Hannah 1

My research has developed into a project which questions the moralities of appropriation art. The appropriation artist, Richard Prince, has been the focal point of my research. Deriving what I create from his work presides over content I can use, however, I can decide how to treat it. What has become evident is that while I may be intrigued by appropriation, for others it can be harmful. 

Realising the weight of its harm shifted the project from making art about art to exploring a more contemplative side of the concept: cultural appropriation. By listening to all perspectives of appropriation, I begin to thoroughly understand its gestures. Attempting to understand these different viewpoints has become a large part of my practice’s process. Using Prince’s artworks as material, I work back into their origins and attempt to give back to who he took from.

43 A0818Web
43 A0819Web
This work critiques Prince's 'The Canal Zone' 2007, which consists of 36 images taken from Patrick Cariou's photo book 'YES RASTA.' While this work gives back to Cariou, by adding in the black spaces, the people who he took from are also represented.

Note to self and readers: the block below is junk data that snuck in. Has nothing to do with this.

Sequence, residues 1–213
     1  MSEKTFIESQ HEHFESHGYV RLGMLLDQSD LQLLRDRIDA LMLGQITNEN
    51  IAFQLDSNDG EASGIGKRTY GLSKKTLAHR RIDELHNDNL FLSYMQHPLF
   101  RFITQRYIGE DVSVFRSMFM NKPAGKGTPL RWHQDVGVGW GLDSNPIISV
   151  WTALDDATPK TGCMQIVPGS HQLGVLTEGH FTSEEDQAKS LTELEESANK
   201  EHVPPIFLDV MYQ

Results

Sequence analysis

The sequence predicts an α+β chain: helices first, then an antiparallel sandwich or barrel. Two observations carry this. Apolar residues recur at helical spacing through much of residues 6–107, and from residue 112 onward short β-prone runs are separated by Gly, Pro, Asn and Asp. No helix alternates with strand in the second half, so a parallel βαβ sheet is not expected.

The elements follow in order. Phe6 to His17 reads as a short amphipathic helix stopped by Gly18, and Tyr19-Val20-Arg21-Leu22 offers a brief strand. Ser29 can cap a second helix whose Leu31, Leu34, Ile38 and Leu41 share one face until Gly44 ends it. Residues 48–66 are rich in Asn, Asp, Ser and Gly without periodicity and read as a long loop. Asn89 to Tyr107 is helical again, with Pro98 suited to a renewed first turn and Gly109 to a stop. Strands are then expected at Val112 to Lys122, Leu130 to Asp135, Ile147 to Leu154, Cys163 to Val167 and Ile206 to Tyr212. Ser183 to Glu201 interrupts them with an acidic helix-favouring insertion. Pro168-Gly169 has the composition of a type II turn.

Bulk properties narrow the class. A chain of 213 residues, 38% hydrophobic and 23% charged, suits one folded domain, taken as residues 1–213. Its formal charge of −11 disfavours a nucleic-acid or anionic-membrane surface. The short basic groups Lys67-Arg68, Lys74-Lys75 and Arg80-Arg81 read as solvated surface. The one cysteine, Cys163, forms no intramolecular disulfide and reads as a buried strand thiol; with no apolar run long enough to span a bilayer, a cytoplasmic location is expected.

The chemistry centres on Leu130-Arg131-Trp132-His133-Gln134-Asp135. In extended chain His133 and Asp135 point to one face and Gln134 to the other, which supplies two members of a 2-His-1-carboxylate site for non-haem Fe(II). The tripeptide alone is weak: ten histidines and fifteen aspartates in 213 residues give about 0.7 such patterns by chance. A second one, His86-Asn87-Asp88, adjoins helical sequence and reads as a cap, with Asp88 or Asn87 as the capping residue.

43 A0816Web
43 A0820Web

Prince's 'Girlfriends' series was an attempt to show the realities of how we view women. However his choice of imagery in the series only seemed to condone these viewpoints rather than appose them. I white out the woman, a technique of deappropriation. While she was powerful in her original magazine context, she does not belong in Prince's.

43 A0818Web

The series 'Cowboys' is infamous for Prince's blatant use of other people's images. In many cases, Prince's work received more recognition and financial gain in comparison to the original piece. By copying Sam Abell's signature and framing in an exhibition context, I attempt to give the original photographer of Prince's most well known work recognition for the image.

43 A0821Web Copy
“...they allow themselves to simply enter that discourse rather than intervene with it on a par with the very objects they once appeared ready to displace.”
— Douglas Crimp

Related Artists